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Mommy's Little Girl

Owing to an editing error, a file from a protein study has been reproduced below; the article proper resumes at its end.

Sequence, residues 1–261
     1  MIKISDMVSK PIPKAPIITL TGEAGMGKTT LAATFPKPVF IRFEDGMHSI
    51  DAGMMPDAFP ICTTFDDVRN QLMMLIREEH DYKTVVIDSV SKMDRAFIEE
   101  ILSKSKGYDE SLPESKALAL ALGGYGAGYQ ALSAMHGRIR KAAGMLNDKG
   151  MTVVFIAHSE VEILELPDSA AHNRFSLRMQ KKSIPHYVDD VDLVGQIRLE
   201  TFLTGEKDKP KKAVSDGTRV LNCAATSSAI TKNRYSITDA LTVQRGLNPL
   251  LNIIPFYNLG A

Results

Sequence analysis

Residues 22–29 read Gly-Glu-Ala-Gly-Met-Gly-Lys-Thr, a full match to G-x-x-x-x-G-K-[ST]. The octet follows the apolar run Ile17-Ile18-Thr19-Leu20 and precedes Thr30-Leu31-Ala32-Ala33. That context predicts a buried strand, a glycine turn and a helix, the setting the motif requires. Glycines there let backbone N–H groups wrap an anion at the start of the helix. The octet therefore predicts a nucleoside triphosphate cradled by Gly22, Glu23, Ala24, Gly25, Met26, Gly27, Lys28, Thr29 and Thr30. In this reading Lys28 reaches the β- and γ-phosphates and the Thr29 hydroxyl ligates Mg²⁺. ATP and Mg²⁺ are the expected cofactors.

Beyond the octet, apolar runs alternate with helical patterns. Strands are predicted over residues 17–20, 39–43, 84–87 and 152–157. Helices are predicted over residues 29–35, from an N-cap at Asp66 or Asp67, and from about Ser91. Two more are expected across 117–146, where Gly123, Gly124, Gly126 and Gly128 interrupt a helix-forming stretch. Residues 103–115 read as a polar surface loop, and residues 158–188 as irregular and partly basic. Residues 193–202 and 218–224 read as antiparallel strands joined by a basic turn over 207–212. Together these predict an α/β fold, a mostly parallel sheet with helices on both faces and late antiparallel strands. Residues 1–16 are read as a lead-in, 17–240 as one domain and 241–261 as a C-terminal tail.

Mom always wanted a girl, ever since she was one herself. So imagine how she felt when, at age 40, she found herself stuck with a son. She was disappointed and she never let me forget it. She never really gave up either. Every Halloween she turned me into a little witch, a ballerina, a nurse or a princess. A cowgirl was the nearest I ever got to the kind of outfits my friends wore. I think that’s what triggered my own interest. It stands to reason. Your mother spends most of the year bad-mouthing you, then dresses you up as a girl and spends one glorious day telling you how pretty you are. (That’s why she called me ‘Gloria’.) So I started doing it myself. I took various items from the old clothes she put aside for charity—a skirt, a blouse, a worn-out pair of black heels. A brassiere from the dryer, panties from the rag bag. I knew where she kept an old wedding dress—not hers, I didn’t dare touch that—and sometimes tried it on when I was alone in the house. Dressing up was the only way I could feel good about myself. I couldn’t stop. When I was old enough I insisted on staying home when my parents went to the cottage. I told them it was to hang out with my friends—but, needless to say, I spent my evenings working my way through Mom’s closet. I wore the wig she bought me for Halloween—a cute blonde pageboy—the jewelry we’d been sharing for as long as I could remember, and I eventually graduated to building a female face from the makeup she left behind. Of course, I finally got caught. But not the way you might expect, her coming home early or whatever. This is the Internet Age. I got the news in an email. I found myself staring at high-res images of me in panty hose and heels, wriggling into a tight pantygirdle; me in Mom’s favorite little black dress; me bending over to insert my head into a blonde wig; me making myself pretty; me posing in the mirror like an 18-year-old girl warming up for prom night. My error: not seeing the nanny-cam on the dresser. I nearly died on the spot. Fortunately, I was alone in my room and no one heard me throwing up. Then I read the rest of the email. These photos, it said, and others like them would soon be posted on Facebook for all the world to see—unless I was a good girl and did exactly what Mom wanted me to do. I couldn’t believe it; I was being blackmailed by my own mother. And she wanted a daughter. I have no idea how she sold this to my father, but he never said a word when I turned into a girl. In retrospect I think she must’ve been dosing me with hormones for some time. I was never very big or strong, like other guys, and I never did grow any facial hair. The day that I knuckled under and agreed to become her daughter, Mom took me to her salon where I received blonde hair extensions and a full makeover. When we got home she let me pick out whatever dress I wanted from her closet. Then we went out for dinner. Mom called me Gloria, while Dad just muttered something about me being “Daddy’s little girl.” Later on, we went through my room, boxed up my boy clothes and discussed what a girl’s room should look like. That’s when Mom told me that I would be living as Gloria for a solid year, working at Dad’s accountancy firm as a receptionist. After that I’d be free to choose: keep working as a woman, go to college as a coed, or even go back to being a boy— if I still wanted to, and if it were still possible. I knew exactly what my year in heels would be like: Mom doing everything in her power to make me more of a woman, including pumping me full of enough estrogen to feminize a sumo wrestler. And that’s exactly what happened. I’m a full C-cup now. This dress isn’t holding itself up, you know. I think I’m going to like being a coed.